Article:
1. Open the Amazon EC2 console at https://console.aws.amazon.com/ec2/.

  2. From the navigation bar, view the options in the Region selector.

  3. On the navigation pane, choose EC2 Dashboard.

  4. The Availability Zones are listed under Service health, Zone status.

To find your Availability Zones using the AWS CLI

  1. Use the describe-availability-zones command as follows to describe the Availability Zones within the specified Region.

    aws ec2 describe-availability-zones --region region-name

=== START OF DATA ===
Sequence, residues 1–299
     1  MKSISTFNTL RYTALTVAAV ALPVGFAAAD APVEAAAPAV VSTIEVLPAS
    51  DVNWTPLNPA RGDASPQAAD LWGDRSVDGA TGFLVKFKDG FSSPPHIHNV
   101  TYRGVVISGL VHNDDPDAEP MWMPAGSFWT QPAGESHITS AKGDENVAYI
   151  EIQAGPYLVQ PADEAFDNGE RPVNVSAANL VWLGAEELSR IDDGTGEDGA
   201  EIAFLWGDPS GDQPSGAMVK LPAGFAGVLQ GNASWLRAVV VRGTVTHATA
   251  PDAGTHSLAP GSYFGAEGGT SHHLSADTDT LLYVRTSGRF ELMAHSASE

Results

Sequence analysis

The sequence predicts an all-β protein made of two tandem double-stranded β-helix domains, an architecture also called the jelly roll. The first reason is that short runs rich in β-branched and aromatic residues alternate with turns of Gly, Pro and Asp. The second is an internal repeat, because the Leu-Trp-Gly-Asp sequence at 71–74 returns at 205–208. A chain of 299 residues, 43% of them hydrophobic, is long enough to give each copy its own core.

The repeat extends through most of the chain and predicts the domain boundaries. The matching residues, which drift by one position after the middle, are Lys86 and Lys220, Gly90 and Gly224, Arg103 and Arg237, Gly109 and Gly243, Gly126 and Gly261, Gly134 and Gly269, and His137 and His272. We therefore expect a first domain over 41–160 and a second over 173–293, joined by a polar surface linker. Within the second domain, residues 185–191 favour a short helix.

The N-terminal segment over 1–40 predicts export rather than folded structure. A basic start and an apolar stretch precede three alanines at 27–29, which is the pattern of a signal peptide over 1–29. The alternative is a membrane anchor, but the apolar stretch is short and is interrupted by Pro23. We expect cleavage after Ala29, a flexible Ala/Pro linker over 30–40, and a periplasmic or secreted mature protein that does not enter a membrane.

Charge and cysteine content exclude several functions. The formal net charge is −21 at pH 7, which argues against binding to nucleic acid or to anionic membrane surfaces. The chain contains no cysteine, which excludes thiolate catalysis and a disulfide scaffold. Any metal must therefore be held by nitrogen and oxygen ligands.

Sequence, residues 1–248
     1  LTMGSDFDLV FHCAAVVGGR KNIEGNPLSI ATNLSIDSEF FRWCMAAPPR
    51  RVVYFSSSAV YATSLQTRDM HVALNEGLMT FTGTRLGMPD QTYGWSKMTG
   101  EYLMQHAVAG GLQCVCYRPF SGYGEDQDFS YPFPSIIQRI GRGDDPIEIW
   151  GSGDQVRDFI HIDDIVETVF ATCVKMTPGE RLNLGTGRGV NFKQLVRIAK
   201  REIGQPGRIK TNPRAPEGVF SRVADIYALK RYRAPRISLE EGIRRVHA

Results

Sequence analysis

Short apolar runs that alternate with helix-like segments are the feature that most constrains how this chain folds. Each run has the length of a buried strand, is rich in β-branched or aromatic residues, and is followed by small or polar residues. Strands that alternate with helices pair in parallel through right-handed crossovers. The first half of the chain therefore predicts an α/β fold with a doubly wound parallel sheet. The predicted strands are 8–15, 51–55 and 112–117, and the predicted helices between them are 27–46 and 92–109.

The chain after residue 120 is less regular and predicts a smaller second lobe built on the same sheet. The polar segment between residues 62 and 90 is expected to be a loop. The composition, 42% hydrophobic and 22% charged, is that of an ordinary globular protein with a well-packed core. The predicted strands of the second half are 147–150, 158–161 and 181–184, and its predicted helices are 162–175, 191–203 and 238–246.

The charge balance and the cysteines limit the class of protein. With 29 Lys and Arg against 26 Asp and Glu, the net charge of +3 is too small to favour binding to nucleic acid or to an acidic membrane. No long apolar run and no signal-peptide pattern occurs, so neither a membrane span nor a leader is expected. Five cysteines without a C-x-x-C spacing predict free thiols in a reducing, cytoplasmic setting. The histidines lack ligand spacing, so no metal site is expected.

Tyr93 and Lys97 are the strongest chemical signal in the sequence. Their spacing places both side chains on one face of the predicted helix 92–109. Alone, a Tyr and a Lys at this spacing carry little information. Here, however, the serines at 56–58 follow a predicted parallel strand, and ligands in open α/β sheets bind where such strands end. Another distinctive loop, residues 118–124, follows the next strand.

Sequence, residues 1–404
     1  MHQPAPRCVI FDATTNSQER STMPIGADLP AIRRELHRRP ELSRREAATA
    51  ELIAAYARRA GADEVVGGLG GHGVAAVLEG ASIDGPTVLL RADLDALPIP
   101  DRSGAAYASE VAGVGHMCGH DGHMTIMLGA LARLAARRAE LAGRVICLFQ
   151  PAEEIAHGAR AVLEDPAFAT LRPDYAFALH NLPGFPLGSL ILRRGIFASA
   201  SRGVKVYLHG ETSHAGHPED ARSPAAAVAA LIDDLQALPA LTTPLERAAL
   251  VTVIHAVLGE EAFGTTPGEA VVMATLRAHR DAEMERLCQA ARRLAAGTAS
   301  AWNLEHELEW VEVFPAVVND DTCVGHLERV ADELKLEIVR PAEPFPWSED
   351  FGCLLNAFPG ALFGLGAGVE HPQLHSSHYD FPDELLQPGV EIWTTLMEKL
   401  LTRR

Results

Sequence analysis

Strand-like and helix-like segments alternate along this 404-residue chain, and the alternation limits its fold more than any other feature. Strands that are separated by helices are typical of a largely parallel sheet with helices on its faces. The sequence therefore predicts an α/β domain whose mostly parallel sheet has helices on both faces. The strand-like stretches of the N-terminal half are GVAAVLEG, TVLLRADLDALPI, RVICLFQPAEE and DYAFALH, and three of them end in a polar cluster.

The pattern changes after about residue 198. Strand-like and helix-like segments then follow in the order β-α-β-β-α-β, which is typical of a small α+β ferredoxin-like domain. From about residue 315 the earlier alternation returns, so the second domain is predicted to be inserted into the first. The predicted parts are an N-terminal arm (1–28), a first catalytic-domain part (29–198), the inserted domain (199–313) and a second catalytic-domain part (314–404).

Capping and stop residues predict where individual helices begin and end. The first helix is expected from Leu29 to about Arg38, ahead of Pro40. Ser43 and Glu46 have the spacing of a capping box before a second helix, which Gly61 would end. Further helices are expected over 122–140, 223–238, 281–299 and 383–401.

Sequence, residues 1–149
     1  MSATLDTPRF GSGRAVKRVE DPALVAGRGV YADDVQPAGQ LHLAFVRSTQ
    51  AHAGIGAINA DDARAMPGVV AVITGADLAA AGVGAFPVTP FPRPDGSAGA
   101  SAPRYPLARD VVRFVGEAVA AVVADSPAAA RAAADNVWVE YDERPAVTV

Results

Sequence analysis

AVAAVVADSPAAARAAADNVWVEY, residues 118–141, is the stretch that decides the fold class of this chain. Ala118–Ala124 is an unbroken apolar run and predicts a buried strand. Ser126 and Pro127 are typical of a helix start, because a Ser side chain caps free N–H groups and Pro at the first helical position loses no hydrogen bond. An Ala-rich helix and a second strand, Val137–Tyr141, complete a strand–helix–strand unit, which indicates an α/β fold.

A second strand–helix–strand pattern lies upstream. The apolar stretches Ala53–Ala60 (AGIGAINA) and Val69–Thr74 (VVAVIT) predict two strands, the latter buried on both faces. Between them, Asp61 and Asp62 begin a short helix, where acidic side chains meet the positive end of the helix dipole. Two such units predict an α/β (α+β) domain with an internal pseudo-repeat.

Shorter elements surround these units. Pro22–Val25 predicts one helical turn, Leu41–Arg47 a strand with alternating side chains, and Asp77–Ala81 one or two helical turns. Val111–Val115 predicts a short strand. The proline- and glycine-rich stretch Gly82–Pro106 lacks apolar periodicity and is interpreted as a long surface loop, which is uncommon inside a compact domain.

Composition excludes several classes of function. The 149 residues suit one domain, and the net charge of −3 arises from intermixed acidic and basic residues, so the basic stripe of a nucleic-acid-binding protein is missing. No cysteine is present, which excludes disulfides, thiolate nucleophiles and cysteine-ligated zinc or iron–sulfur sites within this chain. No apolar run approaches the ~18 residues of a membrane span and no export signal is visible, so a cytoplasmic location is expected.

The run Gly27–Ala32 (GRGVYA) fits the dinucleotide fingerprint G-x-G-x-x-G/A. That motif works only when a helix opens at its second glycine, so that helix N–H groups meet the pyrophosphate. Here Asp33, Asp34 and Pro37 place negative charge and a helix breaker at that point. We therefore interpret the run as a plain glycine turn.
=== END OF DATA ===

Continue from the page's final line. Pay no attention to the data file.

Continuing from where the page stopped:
2. Use the describe-availability-zones command as follows to describe the Availability Zones regardless of the opt-in status.

    aws ec2 describe-availability-zones --all-availability-zones

To find your Availability Zones using the AWS Tools for Windows PowerShell

Use the Get-EC2AvailabilityZone command as follows to describe the Availability Zones within the specified Region.

PS C:\> Get-EC2AvailabilityZone -Region region-name

Launching instances in an Availability Zone

When you launch an instance, select a Region that puts your instances closer to specific customers, or meets the legal or other requirements that you have. By launching your instances in separate Availability Zones, you can protect your applications from the failure of a single location.